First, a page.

Introduction Auxins are weak organic compounds having an unsaturated ring structure and capable of promoting cell elongation, especially of shoot and roots in low concentration. Auxin is the first plant hormone to be discovered and are perhaps the most important group of phytohormones.
History of Auxins The discovery of auxins was starting from the classical work of Charles Darwin (1880) while working on Canary grass (Phlaris canariensis). Darwin observed that when unilateral light was given to the tip of grass coleoptile, it exhibited positive phototrophic curvature and when the tip was removed it fails to cause curvature. The tip also failed to show curvature when it was covered by a tin foil cap. On this basis, he predicted that the tip contained a growth substance which was transmitted to the lower portion where it causes curvature. Boysen- Jensen (1910-1913) found that if a transverse slit was caused in the coleoptile of Avena on the dark side and a piece of mica was inserted into the slit, no phototropic response took place. On the other hand, there was a phototropic response (curvature) if the slit and the piece of mica were on the illuminated side. Based on these results they conclude that a substance migrates down the dark side promoting growth curvature towards the light. Paras (1919) found that when the excised tip is replaced on one side of Avena coleoptile stump, accelerated growth beneath the tip, resulting in curvature. F.W. Went (1928) working in Avena coleoptile and succeed in isolating the growth substance. He cut coleoptile tips and placed them on agar blocks. After a particular time, he cut the agar block into small cubes, discarded the coleoptile tips and placed the agar cubes eccentrically on decapitated coleoptile stumps for two hours in dark and found that curvature was produced. He concluded that some substances are responsible for unilateral growth. This substance is synthesized in coleoptile tip and it translocated downwards. He found that the hormone diffused into the agar is diffused into coleoptile and caused growth and curvature like a coleoptile tip. He called this substance as auxin. In his, another experiment, Went separated two agar blocks by a mica plate. He kept the oat coleoptile on te agar block so that half-half portion of the coleoptile remain on the two blocks. When the coleoptile was illuminated, he observed that 65% of auxin from the coleoptile was diffused into the block of unilluminated side. Remaining 35% auxin was found diffused into the illuminated side agar block.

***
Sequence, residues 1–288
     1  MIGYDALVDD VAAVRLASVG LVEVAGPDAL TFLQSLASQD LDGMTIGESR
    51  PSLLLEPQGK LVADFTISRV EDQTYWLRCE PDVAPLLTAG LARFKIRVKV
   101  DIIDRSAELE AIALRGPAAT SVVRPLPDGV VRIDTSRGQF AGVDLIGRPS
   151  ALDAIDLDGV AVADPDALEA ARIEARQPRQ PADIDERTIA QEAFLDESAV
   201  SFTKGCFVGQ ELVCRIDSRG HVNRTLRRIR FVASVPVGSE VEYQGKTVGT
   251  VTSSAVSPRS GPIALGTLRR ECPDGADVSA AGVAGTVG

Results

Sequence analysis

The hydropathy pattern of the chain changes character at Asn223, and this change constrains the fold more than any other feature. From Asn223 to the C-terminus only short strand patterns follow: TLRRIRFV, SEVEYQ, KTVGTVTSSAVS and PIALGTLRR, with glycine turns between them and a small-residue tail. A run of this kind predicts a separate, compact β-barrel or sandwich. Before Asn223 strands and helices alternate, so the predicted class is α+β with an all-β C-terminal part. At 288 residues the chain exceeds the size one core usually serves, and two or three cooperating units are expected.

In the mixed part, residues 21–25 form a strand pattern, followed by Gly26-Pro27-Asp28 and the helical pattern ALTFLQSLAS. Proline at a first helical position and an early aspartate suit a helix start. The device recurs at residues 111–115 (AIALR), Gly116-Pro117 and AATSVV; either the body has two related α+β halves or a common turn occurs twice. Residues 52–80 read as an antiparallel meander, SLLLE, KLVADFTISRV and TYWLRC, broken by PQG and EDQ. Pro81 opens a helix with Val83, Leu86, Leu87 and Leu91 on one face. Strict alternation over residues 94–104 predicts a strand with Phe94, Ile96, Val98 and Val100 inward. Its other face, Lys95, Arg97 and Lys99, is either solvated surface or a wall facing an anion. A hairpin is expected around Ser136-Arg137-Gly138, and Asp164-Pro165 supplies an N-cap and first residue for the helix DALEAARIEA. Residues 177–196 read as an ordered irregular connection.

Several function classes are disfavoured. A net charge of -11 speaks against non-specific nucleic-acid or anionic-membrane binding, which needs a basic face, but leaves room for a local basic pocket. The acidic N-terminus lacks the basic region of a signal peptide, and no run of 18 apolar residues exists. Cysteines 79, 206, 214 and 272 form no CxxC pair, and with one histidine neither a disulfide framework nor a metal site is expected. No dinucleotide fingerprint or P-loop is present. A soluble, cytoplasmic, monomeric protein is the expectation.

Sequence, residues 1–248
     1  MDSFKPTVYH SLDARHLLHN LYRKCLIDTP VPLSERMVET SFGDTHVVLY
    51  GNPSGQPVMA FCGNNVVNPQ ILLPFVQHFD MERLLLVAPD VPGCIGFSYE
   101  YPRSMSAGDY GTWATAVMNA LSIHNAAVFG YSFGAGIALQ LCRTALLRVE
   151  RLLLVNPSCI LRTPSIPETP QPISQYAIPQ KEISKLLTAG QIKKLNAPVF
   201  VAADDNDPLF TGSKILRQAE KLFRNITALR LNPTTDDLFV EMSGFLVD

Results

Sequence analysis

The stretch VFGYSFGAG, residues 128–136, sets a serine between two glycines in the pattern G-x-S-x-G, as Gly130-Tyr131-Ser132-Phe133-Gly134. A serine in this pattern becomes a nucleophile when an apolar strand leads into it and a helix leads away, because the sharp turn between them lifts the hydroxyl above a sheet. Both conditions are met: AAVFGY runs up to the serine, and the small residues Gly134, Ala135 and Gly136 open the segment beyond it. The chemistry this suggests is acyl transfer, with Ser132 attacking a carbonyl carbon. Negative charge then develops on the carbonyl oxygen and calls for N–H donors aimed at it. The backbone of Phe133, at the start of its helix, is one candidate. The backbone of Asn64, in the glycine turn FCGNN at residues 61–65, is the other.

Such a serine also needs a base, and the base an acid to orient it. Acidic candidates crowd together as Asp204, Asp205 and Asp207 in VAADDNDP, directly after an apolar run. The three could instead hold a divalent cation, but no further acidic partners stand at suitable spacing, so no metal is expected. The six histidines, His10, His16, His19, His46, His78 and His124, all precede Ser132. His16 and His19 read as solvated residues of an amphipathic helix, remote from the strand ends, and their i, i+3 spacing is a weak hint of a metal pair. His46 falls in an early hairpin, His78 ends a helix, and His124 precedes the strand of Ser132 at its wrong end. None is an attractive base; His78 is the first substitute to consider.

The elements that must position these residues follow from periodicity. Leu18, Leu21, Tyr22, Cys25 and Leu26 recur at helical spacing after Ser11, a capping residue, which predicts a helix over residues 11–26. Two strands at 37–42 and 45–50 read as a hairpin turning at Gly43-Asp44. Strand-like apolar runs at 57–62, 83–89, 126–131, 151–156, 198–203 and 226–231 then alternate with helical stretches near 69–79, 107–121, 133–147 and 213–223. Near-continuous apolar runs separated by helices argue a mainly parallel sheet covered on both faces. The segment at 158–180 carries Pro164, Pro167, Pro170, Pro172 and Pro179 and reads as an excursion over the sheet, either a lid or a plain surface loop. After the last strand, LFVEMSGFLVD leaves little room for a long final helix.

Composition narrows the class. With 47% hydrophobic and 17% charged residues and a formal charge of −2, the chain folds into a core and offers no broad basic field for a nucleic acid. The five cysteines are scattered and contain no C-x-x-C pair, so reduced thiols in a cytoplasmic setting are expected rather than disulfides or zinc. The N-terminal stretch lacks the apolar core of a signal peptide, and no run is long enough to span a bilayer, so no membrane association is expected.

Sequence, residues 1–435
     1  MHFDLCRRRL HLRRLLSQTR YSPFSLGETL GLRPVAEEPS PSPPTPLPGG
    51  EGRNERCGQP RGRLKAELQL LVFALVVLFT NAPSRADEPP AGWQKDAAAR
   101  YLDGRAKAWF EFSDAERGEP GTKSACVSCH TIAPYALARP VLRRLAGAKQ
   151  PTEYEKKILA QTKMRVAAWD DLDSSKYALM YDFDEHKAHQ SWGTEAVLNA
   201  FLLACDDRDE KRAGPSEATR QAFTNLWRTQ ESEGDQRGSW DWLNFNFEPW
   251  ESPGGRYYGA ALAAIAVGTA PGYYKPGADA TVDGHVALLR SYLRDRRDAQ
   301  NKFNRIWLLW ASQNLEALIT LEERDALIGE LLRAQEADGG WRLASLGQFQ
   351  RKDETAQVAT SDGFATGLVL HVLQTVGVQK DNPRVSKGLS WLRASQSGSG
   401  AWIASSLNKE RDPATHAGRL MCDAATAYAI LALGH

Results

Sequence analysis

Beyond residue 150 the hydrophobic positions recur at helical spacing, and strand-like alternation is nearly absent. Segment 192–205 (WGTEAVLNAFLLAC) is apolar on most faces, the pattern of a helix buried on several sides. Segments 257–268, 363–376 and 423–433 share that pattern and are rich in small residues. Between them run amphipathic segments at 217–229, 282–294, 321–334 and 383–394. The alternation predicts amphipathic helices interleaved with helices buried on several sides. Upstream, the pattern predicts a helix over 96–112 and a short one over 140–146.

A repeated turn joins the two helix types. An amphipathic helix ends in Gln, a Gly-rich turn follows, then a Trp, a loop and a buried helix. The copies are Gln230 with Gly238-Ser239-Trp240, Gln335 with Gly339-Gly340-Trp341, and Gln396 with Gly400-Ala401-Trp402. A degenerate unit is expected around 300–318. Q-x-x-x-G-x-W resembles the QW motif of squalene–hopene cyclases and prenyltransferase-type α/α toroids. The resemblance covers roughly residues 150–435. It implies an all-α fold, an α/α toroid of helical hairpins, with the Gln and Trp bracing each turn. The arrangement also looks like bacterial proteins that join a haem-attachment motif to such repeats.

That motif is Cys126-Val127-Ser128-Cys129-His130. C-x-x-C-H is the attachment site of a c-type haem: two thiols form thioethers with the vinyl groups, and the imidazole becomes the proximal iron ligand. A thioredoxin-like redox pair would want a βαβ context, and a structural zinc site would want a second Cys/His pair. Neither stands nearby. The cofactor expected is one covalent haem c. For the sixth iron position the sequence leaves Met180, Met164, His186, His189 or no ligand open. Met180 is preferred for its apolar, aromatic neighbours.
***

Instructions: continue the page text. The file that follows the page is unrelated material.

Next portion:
Distribution of Auxins in plants Auxins are commonly found in plants. Auxins are mostly concentrated on growing apices like coleoptile tips, floral and shoot buds, root apices and leaf apices. The distribution of auxins in the plant body was studied in detail by Thimann (1934) in etiolated Avena coleoptile. He proved successfully that auxins are concentrated on root and shoot tips. Thimann and Skoog observed a decreasing order auxin concentration in apical buds, young leaves and mature leaves.
Apical buds > Young leaves > Mature leaves
Physiological effects of Auxins The physiological effects of auxins are given below:
Kogl and Haagen Smit (1931) have isolated some auxins which are auxin-a, auxin-b, heteroauxin. These are called natural auxins. Some auxins have also been synthesized chemically which function like natural auxins. These are called synthetic auxins. Some synthetic auxins are P.A.A., P.O.A, 2,4-D, 2,4,5-T, etc.
Hakimuddin Kuwakhedawala is based in India with over 15 years experience as a teacher. Teaching and writing are his passion. Most of the articles of Hakimuddin are related to education, exam, environmental problems, etc.
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